A role for O-1602 and G protein-coupled receptor GPR55 in the control of colonic motility in mice.Neuropharmacology. 2013 Aug; 71:255-63.N
The G protein-coupled receptor 55 (GPR55) is a novel cannabinoid (CB) receptor, whose role in the gastrointestinal (GI) tract remains unknown. Here we studied the significance of GPR55 in the regulation of GI motility.
GPR55 mRNA and protein expression were measured by RT-PCR and immunohistochemistry. The effects of the GPR55 agonist O-1602 and a selective antagonist cannabidiol (CBD) were studied in vitro and in vivo and compared to a non-selective cannabinoid receptor agonist WIN55,212-2. CB1/2(-/-) and GPR55(-/-) mice were employed to identify the receptors involved.
GPR55 was localized on myenteric neurons in mouse and human colon. O-1602 concentration-dependently reduced evoked contractions in muscle strips from the colon (∼60%) and weakly (∼25%) from the ileum. These effects were reversed by CBD, but not by CB1 or CB2 receptor antagonists. I.p. and i.c.v. injections of O-1602 slowed whole gut transit and colonic bead expulsion; these effects were absent in GPR55(-/-) mice. WIN55,212-2 slowed whole gut transit effects, which were counteracted in the presence of a CB1 antagonist AM251. WIN55,212-2, but not O-1602 delayed gastric emptying and small intestinal transit. Locomotion, as a marker for central sedation, was reduced following WIN55,212-2, but not O-1602 treatment.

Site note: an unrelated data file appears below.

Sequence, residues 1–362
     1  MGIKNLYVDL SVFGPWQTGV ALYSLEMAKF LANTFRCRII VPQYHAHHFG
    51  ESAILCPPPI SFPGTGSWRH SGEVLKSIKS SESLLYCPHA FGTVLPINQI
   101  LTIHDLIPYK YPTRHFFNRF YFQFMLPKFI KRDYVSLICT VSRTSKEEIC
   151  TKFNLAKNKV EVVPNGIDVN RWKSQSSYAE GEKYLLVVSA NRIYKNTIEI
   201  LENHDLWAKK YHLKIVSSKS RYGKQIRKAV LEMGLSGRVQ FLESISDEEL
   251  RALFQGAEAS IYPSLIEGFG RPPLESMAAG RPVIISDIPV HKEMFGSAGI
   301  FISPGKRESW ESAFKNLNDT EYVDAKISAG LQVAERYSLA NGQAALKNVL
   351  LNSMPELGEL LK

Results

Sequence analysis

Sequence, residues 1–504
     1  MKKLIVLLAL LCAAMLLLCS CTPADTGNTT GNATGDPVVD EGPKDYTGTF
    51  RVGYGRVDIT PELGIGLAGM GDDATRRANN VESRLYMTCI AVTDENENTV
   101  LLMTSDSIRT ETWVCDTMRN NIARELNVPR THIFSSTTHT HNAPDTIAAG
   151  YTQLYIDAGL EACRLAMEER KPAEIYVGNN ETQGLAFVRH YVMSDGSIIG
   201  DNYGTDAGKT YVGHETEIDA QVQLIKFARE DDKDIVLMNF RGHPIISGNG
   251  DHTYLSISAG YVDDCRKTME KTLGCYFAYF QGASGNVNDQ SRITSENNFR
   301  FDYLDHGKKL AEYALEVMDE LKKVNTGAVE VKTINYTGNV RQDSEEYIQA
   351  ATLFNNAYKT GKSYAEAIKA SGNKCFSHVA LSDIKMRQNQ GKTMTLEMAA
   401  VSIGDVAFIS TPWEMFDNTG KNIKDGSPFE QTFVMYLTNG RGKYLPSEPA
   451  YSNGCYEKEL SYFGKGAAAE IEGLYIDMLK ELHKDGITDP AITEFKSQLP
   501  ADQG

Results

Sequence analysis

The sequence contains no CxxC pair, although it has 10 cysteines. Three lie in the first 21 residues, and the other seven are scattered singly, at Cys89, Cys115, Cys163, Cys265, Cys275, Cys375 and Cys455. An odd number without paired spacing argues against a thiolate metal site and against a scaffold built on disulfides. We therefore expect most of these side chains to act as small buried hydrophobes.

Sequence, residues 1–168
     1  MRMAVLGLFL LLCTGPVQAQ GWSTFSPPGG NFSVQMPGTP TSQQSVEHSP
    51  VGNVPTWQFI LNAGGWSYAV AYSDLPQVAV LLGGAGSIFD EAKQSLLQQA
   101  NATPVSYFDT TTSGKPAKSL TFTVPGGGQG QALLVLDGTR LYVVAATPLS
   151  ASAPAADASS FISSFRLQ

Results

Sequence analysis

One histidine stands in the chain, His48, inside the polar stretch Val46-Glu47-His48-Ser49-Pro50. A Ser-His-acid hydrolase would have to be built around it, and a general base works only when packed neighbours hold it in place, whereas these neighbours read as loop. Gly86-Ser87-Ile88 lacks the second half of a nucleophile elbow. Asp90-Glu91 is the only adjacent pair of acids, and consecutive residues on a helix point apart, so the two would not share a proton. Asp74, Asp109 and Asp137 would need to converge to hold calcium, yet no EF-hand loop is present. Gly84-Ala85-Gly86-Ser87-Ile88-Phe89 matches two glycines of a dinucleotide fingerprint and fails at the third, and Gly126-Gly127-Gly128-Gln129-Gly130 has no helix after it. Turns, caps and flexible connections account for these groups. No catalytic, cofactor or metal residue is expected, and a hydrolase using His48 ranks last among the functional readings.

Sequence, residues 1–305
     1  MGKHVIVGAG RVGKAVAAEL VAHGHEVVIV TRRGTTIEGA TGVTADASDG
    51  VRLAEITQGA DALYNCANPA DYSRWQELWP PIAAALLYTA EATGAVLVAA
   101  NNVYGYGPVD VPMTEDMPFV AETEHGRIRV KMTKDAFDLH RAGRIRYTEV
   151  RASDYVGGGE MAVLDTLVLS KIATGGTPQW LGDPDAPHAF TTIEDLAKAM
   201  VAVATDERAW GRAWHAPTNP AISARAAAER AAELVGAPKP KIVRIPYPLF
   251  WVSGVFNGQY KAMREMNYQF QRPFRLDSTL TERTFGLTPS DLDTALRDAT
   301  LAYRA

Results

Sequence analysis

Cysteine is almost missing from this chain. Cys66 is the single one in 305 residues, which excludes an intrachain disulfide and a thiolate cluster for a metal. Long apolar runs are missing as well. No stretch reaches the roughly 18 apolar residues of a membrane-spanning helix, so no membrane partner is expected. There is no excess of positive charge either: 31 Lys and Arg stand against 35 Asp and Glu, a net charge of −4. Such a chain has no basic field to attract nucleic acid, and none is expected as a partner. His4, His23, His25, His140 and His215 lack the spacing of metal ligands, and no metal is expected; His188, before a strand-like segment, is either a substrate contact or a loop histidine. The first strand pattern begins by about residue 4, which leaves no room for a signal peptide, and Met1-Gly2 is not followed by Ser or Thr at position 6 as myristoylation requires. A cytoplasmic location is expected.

GPR55 is strongly expressed on myenteric neurons of the colon and it is selectively involved in the regulation of colonic motility. Since activation of GPR55 receptors is not associated with central sedation, the GPR55 receptor may serve as a future target for the treatment of colonic motility disorders.